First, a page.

Programming language: C#
License: MIT License
Tags: Regular Expression    
Add another 'Regular Expression' Package



Quick and dirty idiomatic C# line parser that emits typed ValueTuples.

dotnet NuGet Downloads [License](LICENSE)

Table of Contents

Usage Examples

Date from email header

DateTime date = "Date: Mon, 7 Dec 2020 19:43:24 -0800".Extract<DateTime>(@"Date: (.*)");

List of words

List<string> words = "The quick brown fox jumped over the lazy dogs.".Extract<List<string>>(@"(?:(\w+)\W*)+");


var (n,s) = "str".Extract<(int?,string)>(@"(\d+)|(.*)");

Parsing fields

var (n1,y1,e1) = "Hello, earthling, from 2077!".Extract<ParseResult>(@"Hello, (.*), from (?:(\d+)|(.*))!");
var (n2,y2,e2) = "Hello, martian, from earth!".Extract<ParseResult>(@"Hello, (.*), from (?:(\d+)|(.*))!");

record ParseResult(string name, int? year, string loc);

Enums and Flags

var mode = "OpenOrCreate".Extract<FileMode>(@".*");
var flags = "Public,Static".Extract<BindingFlags>(".*");


This project came about during day 2 of Advent of Code 2020. The task involved parsing a strings that looked something like:

1-3 a: abcde
1-3 b: cdefg
2-9 c: ccccccccc

From each one, I needed two numbers, a character, and a string. 25 years ago I would have written the following absolutely trivial C code that would take care of parsing it:

int lo, hi; char ch; char pwd[50];

sscanf(line, "%d-%d %c: %s", &lo, &hi, &ch, pwd);

It bothered me that the C to parse this was so much simpler than what I would wirte in C#. For contests, like Advent of Code or Google Code Jam, I usually make extensive use of .Split() a la:

(int lo, int hi, char ch, string pwd) ParseLine(string line)
    var splits = line.Split(" ");
    var nums = splits[0].Split("-").Select(int.Parse).ToArray();
    return (nums[0], nums[1], splits[1][0], splits[2]);

But that's fiddly to write, and even fiddlier to read. It's good enough for contest conditions, but leaves lots to be desired for sharing solutions and discussing approaches with other competitors.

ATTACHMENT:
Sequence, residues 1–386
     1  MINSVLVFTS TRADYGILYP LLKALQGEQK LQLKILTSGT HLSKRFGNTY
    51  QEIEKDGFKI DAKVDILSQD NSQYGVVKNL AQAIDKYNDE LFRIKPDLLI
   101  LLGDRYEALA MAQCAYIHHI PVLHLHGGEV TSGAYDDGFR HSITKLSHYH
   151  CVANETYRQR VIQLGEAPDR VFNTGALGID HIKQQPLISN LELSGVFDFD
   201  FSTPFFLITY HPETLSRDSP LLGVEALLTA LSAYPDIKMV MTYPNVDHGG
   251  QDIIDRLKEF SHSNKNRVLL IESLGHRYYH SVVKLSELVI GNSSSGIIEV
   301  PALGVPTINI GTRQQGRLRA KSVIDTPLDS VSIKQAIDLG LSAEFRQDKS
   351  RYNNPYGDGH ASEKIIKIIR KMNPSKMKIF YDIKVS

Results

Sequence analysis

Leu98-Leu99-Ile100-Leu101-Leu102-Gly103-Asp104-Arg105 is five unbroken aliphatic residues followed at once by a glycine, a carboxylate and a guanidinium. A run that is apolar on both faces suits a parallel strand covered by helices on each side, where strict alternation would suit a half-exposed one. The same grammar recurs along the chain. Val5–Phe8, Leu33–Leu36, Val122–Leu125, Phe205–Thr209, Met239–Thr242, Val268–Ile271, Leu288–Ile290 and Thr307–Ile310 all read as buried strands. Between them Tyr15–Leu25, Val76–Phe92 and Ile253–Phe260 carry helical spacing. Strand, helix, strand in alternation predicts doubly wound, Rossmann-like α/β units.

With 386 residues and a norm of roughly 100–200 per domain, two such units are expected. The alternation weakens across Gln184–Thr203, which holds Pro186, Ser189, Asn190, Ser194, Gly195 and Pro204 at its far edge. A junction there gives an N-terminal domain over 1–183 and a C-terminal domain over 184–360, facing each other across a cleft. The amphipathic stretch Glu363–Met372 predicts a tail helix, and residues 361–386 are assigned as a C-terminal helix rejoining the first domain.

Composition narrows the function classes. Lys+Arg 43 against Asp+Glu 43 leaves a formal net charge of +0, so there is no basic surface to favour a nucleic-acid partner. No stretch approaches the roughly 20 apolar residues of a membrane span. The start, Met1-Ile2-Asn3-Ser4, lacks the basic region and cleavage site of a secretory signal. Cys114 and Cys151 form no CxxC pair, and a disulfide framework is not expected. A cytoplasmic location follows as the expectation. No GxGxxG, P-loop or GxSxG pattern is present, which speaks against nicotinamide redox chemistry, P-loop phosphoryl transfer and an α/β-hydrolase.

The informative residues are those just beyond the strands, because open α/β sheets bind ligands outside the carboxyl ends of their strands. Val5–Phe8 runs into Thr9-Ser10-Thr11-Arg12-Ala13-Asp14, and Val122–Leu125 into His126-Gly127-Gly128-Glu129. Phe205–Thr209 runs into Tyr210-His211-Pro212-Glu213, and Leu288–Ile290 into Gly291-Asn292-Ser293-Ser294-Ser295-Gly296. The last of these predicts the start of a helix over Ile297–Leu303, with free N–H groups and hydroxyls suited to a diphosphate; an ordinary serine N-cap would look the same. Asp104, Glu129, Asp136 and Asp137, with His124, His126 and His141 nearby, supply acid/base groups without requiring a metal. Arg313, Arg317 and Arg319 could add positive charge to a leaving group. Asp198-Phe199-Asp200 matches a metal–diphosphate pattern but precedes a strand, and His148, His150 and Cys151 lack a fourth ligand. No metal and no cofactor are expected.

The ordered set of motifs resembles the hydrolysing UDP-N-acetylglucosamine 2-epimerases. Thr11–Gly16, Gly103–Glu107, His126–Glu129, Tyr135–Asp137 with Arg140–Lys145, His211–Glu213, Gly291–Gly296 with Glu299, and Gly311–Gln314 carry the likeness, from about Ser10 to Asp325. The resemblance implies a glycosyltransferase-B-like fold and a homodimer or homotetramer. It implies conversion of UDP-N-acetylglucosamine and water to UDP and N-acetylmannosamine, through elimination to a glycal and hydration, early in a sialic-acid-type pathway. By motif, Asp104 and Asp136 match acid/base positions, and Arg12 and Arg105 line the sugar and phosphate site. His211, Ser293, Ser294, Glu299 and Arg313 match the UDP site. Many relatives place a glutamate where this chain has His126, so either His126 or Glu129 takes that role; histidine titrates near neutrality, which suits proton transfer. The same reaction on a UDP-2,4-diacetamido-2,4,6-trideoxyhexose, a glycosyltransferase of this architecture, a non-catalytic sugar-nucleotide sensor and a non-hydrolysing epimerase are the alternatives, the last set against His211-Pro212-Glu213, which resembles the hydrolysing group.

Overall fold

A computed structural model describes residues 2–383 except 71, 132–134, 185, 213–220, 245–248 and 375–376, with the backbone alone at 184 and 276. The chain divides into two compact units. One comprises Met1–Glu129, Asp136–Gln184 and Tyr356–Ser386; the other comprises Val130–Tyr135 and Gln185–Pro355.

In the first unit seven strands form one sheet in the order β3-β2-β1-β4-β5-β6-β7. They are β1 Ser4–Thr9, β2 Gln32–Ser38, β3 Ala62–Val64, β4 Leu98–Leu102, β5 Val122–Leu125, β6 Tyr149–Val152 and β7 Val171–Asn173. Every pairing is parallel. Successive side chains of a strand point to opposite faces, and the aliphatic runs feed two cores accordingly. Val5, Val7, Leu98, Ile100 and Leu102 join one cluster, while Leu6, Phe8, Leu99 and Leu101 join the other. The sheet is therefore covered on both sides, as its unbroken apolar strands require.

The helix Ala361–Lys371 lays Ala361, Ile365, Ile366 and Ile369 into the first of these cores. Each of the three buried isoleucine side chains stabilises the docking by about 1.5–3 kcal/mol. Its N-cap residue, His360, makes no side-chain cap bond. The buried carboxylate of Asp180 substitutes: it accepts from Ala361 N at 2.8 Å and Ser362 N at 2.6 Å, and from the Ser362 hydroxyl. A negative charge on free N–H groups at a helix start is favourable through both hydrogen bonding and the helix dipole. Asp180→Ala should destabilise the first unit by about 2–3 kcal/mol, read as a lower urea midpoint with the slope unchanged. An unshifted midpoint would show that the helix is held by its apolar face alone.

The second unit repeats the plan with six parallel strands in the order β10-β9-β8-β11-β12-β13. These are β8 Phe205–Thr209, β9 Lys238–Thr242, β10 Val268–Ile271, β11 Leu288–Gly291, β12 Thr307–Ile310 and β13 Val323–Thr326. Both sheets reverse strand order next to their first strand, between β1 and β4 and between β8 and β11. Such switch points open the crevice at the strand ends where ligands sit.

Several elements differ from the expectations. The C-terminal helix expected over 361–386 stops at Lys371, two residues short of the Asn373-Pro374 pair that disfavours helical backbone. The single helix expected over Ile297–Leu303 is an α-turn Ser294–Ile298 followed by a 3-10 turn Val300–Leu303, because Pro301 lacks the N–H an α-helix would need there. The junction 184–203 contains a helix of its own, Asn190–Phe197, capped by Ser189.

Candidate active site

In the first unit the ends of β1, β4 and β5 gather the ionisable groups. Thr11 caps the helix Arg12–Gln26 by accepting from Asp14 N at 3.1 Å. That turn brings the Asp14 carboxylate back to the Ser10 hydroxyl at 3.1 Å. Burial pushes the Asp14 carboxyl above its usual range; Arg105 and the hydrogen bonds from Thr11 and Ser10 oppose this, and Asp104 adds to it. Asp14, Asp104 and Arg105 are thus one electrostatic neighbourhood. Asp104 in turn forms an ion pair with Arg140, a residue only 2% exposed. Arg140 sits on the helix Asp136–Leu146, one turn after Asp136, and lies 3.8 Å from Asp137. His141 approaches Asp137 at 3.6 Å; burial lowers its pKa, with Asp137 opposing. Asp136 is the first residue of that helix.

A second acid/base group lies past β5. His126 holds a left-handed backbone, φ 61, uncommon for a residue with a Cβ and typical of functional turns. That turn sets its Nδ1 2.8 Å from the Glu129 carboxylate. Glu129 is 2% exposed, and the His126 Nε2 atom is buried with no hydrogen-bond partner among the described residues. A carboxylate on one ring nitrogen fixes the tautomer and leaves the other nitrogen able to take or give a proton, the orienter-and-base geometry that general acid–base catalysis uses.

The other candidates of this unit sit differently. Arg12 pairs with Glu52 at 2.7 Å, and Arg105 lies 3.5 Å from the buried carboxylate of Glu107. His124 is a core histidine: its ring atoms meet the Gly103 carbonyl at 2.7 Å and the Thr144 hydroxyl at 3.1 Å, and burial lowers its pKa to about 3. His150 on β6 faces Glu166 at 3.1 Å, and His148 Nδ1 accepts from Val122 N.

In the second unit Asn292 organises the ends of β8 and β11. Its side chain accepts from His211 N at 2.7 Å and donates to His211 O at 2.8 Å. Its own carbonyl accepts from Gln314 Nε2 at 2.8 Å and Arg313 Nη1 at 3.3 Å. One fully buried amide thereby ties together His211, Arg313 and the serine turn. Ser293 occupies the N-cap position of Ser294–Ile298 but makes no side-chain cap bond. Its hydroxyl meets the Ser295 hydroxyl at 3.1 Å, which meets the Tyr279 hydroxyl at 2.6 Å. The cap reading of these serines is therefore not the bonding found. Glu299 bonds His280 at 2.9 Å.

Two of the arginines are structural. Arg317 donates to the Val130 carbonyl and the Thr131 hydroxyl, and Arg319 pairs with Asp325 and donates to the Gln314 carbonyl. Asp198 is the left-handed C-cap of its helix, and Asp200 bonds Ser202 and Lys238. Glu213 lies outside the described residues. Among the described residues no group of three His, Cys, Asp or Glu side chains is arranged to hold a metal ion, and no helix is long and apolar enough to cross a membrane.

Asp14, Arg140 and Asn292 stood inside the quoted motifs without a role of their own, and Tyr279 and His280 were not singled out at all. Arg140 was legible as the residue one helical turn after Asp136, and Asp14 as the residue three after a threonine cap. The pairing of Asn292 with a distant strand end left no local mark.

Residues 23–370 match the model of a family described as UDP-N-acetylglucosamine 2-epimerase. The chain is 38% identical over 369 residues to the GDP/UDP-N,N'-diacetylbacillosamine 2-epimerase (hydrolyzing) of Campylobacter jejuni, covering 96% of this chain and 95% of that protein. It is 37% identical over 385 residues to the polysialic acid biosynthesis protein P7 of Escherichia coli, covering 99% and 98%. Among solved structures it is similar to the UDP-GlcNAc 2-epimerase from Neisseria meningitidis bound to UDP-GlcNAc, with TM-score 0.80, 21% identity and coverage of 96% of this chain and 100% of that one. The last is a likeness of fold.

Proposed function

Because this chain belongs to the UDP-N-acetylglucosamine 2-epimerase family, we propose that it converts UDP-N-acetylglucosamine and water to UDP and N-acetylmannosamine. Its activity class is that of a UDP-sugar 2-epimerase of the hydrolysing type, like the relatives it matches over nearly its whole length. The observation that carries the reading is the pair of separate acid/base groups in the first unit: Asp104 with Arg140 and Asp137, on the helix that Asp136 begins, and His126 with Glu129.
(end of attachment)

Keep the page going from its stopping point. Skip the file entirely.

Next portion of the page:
Undoubtedly, a regular expression has most of the simplicity of that sscanf template from above--you can see what the extra characters are in the template, and you can see what's being extracted:

@"(\d+)-(\d+) (.): (.*)"

Unfortunately .NET Regex Matches leave a lot of fiddling after matching to get to the simple types that you want to use for computation:

(int lo, int hi, char ch, string pwd) ParseLine(string line)
    var match = Regex.Match(line, @"(\d+)-(\d+) (.): (.*)");

    return (int.Parse(match.Groups[1].Value),

So I set out to design the best possible C# syntax that got me somewhere near the expressiveness and simplicity of the sscanf example from the 1960s.

Here's where I settled:

var (lo, hi, ch, pwd) = line.Extract<(int, int, char, string)>(@"(\d+)-(\d+) (.): (.*)");

From there I added support for types with friendly constructors:

var (lo, hi, ch, pwd) = line.Extract<template>(@"(\d+)-(\d+) (.): (.*)");

record template(int lo, int hi, char ch, string pwd);

And support for extracting named groups to properties:

var result = line.Extract<template>(@"(?<lo>\d+)-(?<hi>\d+) (?<ch>.): (?<pwd>.*)");

class template {
    public int lo { get; set; }
    public int hi { get; set; }
    public char ch { get; set; }
    public string pwd { get; set; }

*Note that all licence references and agreements mentioned in the RegExtract README section above are relevant to that project's source code only.